Friday, October 29, 2010

Just in time for Halloween--Handwriting Fun with Spiders

Here's a tip from Amanda, one of our hard-working OTs:

Below is a link that models letter formation and gives a writing pad to practice on using the mouse (you can open both screens and set side by side). A spider draws the letter which might be fun for Halloween and it's an alternative to pencil/paper writing practice. Check it out if you haven't already seen it.

Wednesday, October 20, 2010


I love Ed Emberly but I guess there are other friendly artists out in the world, too.  Just found this blog which promotes the writer's books; the enticing "how-to" on this post is interesting:

Mind Map Inspiration

Cartooning is intriguing to me since it's a very inexpensive, quick way to explain the steps to a process and can be included in a Windows Movie Maker project as one of the "slides."  Just think of those famous UPS whiteboard commercials done a couple of years ago.  Kids love cartooning since it allows them to create a fantasy world and feel powerful for a little while.

The Falling Leaves Drift By Our Classroom

Last week in our combined speech and OT group we made cinnamon leaf rubbings with a group of high schoolers in two classes for students with autism. Students in another class had already cut out the large leaf shapes for us, I peeled the wrappers off some fall color crayons, we grabbed the glue and recycled white paper and were ready to get to work.

As I modeled and led the activity, the SLP used picture symbols to elicit language from the students. We initially gave hand over hand assistance, then watched the students show us what they could do. We heard vocabulary and sentences pertaining to the activity that the students often have not demonstrated and the SLP was able to take lots of data on each student.  One class did the rubbings on individual pieces of white paper and another class made a mural.  We discovered quite a bit of artistic talent in the classes--students and adults.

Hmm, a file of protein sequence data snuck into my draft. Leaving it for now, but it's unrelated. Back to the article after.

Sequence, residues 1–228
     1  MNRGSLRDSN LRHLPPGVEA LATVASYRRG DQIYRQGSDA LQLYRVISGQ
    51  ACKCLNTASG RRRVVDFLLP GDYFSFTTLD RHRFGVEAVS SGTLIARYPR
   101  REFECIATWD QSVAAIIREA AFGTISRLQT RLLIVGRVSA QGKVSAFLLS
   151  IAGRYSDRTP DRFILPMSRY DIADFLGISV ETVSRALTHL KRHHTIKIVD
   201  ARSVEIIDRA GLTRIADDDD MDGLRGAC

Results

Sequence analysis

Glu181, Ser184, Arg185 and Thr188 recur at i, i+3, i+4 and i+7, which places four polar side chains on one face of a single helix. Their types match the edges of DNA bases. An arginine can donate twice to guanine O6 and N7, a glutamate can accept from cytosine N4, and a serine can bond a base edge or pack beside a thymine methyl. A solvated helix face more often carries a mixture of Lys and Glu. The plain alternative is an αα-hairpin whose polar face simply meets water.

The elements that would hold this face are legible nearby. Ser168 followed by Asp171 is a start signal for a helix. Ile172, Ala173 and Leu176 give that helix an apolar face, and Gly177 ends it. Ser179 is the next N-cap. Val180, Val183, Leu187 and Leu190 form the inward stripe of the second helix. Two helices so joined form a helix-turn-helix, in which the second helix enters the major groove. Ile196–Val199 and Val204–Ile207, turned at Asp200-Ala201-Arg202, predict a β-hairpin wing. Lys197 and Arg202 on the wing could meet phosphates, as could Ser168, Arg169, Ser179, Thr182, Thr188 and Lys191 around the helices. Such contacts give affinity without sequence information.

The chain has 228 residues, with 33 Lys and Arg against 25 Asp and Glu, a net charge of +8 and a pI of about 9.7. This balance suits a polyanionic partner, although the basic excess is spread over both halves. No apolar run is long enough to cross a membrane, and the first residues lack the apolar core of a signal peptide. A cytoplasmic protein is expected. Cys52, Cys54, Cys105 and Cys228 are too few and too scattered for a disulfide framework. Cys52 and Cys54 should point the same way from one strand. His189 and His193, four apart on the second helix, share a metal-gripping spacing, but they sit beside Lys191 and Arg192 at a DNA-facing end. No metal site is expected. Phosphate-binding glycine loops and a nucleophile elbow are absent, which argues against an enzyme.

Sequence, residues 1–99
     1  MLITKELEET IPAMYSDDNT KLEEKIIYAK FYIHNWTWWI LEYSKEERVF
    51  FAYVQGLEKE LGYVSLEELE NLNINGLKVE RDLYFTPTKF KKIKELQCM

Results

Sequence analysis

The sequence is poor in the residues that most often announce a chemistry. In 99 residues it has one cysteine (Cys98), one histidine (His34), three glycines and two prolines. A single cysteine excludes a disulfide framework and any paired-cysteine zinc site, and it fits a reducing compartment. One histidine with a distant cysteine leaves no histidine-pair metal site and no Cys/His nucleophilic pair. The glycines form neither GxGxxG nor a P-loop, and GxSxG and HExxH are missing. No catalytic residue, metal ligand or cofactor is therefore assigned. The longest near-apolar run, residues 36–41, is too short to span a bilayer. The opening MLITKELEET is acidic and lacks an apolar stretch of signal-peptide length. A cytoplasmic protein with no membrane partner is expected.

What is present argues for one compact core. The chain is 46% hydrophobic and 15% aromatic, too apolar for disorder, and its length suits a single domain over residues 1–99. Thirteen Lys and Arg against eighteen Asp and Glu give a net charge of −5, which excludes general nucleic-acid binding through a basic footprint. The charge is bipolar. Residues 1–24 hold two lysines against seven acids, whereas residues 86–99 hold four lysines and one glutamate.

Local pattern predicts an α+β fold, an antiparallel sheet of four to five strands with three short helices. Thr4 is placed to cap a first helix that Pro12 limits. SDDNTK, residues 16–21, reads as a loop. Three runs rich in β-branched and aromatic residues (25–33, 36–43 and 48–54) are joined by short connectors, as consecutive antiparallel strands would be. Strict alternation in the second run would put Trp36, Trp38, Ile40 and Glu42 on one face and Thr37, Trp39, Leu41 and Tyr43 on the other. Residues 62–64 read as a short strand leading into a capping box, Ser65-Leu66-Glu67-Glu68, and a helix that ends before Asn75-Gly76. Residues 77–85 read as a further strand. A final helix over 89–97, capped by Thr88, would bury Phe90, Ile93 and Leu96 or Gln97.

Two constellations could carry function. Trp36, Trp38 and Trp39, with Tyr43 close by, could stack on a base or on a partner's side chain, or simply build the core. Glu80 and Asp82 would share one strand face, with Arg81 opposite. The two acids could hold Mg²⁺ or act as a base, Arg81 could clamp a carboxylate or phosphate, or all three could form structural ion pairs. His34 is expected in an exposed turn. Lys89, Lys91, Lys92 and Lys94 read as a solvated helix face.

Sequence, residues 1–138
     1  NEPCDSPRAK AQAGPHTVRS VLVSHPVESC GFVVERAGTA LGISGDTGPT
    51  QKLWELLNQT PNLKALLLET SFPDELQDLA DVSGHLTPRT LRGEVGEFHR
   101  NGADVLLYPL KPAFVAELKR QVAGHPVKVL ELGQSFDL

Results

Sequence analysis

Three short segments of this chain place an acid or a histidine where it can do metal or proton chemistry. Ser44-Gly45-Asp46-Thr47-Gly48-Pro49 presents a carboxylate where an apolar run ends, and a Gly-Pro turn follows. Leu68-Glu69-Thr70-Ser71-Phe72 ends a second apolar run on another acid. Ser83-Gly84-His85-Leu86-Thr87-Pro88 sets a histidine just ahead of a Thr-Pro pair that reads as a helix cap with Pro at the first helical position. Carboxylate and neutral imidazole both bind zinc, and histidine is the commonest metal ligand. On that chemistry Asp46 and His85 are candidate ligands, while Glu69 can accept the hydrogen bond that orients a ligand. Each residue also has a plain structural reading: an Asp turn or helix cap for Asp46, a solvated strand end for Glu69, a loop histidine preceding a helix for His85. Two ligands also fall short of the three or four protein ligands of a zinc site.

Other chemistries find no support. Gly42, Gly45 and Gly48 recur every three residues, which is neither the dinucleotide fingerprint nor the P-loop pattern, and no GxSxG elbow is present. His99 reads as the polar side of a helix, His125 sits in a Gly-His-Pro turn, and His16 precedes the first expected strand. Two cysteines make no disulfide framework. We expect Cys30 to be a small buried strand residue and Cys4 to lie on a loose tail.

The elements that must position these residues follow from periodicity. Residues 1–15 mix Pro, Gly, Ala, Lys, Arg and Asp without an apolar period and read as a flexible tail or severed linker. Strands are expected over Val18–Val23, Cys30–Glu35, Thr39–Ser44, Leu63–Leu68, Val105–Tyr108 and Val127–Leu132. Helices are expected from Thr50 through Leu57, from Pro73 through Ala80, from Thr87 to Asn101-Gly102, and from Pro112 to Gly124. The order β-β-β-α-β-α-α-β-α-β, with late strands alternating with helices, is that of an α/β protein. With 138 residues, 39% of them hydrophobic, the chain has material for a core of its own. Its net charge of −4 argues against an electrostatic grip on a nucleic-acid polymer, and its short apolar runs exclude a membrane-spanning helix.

Let the photos guide you in seeing how the activity works:

Thursday, October 14, 2010

All Lined Up in a Row

Last week I showed a teacher for students with Minimal Intellectual Disabilities (MiID) an idea for easily keeping a clipboard at an optimal angle for viewing while keyboarding.  Well, she grabbed the clipboard stand from me and took it home for her husband to make a bunch of them, then had them ready to use in her classroom within a few days.

Rather than only using them for keyboarding, she places different lacing/fastener boards in them for better viewing by the students as they work on the tricky laces, zippers, buttons and snaps.  They can see what their fingers are doing a little better when the work is up at an angle.

Friday, September 24, 2010

Gummy Abacus

Wish I had an abacus like this back in the 50's when I was first learning to add. 

This is really a fine motor & proprioceptive activity for a high schooler in a class for students with autism.  He needs a little more adult-directed activity built into his day to keep his fingers happy and these fruit-scented gummy bits take a little work to push along the surgical tubing.  Yep, they're from my favorite store--Big Lots. 

Wednesday, September 22, 2010

Handwriting Without Tears fun

The early, early HWT book has enticing drawings for kids to practice eye-hand coordination with their little pencils.  If you're like me, there are only so many HWT books we're able to purchase each year, so I'm always looking for ways to stretch out their use.
Try using drink stirrers as invisible ink pencils to "color" the little stars and fireflies on the beginning pages.  We also connected the stars and fireflies, invisibly of course, and it was fun to make screechy noises with the stirrers on the page as we invisibly drew a line from one to the next.

Monday, September 20, 2010

How Cool is This

Here are some views of the sensory area for high school students in a class for kids with severe intellectual disabilities.  Isn't this so cool!
The butterfly shot is the inside of the roof and the "veins" of the roof are highlighted with holiday lights (not flashing!).
Seems like the current theme is "Ocean animals."